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Sunday Crocodilian - Alligator mississippiensis Edition

There could be other, more appropriate animals to write about for Father's Day. Alligators aren't the best parents by mammalian standards. Oh, well - on to Sunday Crocodilian!

The American Alligator (Alligator mississippiensis) is one of two species of the genus Alligator, and can be found in the southeastern United States along the Gulf and eastern coastlines, from the tip of Texas to North Carolina. They have one of the strongest bites ever measured in a laboratory environment, thought to be the strongest until the experiment was replicated and exceeded with saltwater crocodiles. Fossil records of the modern American Alligator extend well into the Pleistocene.


Male American Alligators can reach sizes of 15 feet (4.6 meters) in total body length, weighing just under 1,000 pounds (453 kg). Females are slightly smaller, maxing out at almost 10 feet in body length. In the 19th and early 20th centuries, larger males were measured and reported. The largest specimen was unverified, but it was reported to be 19 feet (5.8 meters) long, which if accurate would have meant that he weighed over a ton (tonne). Weight and size are dependent on environmental conditions, age, health, and whether or not they have a steady food supply. The smaller American Alligators are found in the northern parts of their range, while the larger gators are found in the southern parts of their range.

American Alligators are opportunistic hunters and are considered to be the apex predators throughout their range. Their diet varies hugely and depends on what's available. They will eat mammals, birds, fish, other reptiles like turtles and snakes, and amphibians. When they are small hatchlings, they will feed on small prey like insects, spiders, worms and snails. Once an American Alligator reaches adult size, however, any animal that lives in the same waters or comes to those waters to drink is a potential prey item. Incredibly, American Alligators have been observed to use lures to catch prey, balancing sticks and branches on their heads. These lure in birds looking for nesting materials, and the gators will snatch the birds when they come to retrieve them. They are among the first reptilians to be observed using tools.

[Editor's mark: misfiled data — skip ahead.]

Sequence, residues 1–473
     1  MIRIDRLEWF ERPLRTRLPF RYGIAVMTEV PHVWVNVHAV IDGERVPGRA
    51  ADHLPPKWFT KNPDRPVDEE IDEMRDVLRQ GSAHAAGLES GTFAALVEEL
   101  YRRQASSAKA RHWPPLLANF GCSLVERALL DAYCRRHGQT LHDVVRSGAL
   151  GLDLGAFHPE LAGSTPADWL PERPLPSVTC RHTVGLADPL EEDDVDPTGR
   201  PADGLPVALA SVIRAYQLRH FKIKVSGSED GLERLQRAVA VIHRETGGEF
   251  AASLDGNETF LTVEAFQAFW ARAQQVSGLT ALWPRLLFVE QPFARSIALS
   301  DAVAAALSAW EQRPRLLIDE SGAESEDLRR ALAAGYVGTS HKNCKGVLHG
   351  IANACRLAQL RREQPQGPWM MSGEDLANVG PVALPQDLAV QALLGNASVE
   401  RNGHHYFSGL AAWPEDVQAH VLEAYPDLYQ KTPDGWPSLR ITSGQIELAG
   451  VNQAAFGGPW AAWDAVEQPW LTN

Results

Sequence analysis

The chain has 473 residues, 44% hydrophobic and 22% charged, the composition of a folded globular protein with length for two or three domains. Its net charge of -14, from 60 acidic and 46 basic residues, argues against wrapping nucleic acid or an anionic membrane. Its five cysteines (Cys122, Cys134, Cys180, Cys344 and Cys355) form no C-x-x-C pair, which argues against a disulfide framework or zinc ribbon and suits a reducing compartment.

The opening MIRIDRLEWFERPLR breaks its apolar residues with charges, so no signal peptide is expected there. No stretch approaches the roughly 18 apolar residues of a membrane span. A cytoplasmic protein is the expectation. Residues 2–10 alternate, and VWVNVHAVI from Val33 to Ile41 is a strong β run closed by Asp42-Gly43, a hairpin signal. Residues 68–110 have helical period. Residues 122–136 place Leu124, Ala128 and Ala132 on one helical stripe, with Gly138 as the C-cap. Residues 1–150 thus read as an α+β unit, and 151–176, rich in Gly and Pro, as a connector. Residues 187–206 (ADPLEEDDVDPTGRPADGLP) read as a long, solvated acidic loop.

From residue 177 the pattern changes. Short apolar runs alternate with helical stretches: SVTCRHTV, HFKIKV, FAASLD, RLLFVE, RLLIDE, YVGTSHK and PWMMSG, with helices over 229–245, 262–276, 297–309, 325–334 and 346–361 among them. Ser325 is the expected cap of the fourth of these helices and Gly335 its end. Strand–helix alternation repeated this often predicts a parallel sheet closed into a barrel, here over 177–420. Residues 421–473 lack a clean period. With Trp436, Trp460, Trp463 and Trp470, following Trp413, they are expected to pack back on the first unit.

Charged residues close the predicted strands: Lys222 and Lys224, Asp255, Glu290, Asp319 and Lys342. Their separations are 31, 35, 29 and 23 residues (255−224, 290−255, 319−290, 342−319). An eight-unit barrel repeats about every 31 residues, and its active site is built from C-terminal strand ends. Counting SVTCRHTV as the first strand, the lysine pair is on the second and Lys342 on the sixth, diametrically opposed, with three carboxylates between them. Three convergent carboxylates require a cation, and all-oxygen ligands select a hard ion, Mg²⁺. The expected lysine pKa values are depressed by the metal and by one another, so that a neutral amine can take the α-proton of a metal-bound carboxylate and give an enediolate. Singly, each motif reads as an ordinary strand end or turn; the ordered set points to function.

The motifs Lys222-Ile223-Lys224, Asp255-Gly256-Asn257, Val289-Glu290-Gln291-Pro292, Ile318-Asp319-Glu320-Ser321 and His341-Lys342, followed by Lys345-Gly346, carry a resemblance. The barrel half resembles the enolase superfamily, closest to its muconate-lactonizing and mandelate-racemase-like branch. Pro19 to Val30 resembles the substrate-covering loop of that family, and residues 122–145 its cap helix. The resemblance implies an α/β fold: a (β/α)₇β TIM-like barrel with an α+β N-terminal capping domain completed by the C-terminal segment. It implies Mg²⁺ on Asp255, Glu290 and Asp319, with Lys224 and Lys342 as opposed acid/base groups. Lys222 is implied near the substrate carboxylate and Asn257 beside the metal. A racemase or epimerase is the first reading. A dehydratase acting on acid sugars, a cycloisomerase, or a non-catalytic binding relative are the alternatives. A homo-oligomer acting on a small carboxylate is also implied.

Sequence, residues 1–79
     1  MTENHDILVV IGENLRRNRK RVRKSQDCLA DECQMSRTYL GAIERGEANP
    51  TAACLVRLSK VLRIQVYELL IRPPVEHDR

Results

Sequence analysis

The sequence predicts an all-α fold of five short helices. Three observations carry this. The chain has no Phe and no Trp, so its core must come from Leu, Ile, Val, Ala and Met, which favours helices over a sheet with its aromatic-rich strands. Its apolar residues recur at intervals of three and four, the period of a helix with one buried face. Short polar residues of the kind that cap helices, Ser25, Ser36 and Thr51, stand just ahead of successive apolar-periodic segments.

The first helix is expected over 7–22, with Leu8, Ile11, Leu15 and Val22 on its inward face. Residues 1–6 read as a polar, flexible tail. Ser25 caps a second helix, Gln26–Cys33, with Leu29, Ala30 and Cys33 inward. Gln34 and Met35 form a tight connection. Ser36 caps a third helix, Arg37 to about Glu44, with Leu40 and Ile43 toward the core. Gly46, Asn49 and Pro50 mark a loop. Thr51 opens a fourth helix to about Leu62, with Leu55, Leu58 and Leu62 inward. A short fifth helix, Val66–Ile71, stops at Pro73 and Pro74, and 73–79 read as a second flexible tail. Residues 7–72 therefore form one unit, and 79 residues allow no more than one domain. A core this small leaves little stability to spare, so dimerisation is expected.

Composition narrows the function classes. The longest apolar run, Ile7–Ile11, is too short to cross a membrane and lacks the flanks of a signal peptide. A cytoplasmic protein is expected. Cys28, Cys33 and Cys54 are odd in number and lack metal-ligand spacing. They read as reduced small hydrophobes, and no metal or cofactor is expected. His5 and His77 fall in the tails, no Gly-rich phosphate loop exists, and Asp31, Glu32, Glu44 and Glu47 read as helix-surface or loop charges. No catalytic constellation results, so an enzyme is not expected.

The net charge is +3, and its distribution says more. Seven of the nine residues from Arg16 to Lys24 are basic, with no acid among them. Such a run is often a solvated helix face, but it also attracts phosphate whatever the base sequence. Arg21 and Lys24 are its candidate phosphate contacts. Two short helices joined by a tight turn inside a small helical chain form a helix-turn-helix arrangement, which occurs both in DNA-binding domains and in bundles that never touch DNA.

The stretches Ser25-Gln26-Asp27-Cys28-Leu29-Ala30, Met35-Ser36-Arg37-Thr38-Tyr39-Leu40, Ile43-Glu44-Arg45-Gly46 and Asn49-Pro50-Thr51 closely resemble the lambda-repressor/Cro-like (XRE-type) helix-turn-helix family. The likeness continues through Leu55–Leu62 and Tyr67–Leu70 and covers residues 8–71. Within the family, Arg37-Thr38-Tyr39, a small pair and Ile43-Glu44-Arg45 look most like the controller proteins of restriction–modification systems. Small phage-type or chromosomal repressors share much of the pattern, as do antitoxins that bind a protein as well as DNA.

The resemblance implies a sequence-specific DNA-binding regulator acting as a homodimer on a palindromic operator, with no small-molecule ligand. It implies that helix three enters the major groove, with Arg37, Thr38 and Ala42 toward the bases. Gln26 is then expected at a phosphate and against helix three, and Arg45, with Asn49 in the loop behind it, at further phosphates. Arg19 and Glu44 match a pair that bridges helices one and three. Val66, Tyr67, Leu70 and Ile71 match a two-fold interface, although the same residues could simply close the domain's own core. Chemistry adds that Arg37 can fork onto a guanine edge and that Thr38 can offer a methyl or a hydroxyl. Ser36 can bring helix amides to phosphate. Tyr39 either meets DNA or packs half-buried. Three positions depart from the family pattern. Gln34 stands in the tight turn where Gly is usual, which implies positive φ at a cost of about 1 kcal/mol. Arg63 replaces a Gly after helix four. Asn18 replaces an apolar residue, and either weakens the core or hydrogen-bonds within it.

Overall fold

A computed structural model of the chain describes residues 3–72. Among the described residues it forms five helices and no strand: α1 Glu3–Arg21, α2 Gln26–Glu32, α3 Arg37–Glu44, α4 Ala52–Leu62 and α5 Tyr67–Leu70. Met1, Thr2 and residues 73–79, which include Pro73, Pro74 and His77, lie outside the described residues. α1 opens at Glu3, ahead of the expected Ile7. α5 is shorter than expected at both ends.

American Alligators breed during the spring, gathering together at night in large groups for what are called "alligator dances." Females build their nests along the banks of the rivers or swamps where they live, laying 20 to 50 eggs and covering them with rotting vegetation. The decaying plant material keeps the eggs warm, and the sex of the resulting hatchlings is determined by how warm they are when they develop. Eggs incubated at a temperature of 93 degrees Fahrenheit (34 degrees Celsius) will be males. Eggs incubated at lower temperatures, like 86 degrees Fahrenheit (30 degrees Celsius) or below, will be females. For 65 days, the nesting female will stay near her nest and protect it from other predators. After the eggs hatch, she will quickly gather them into her mouth and take them into the water to keep them safe. The bright coloring of the hatchlings actually aid them in camouflage, helping to hide them during the most vulnerable time in their lives. After they reach a certain size, their mother will encourage them to disperse by acting aggressively towards them.


American Alligators are among the most vocal of reptiles, having specific vocalizations to communicate different meanings, like calls to locate mates, declare territory, signal distress, or aggressive calls to keep intruders at bay. Hatchlings have their own calls, a high-pitched cry that alerts their mothers when they are ready to leave the nest, or to locate them in the water. Adult American Alligators will also bellow by sucking air into their lungs and blowing it out, causing deep-toned roars. This bellowing is distinct among crocodilians. The infrasonic waves from the bellows of male American Alligators during the mating season can cause the water to ripple and sprinkle, which is called a "water dance." Hunting and habitat loss has come close to spelling doom for the American Alligator, but the U.S. Fish and Wildlife Service, in conjunction with state agencies and laws of protection in the South, ensured that populations were able to recuperate. They are now monitored and the species is considered to be fully restored.

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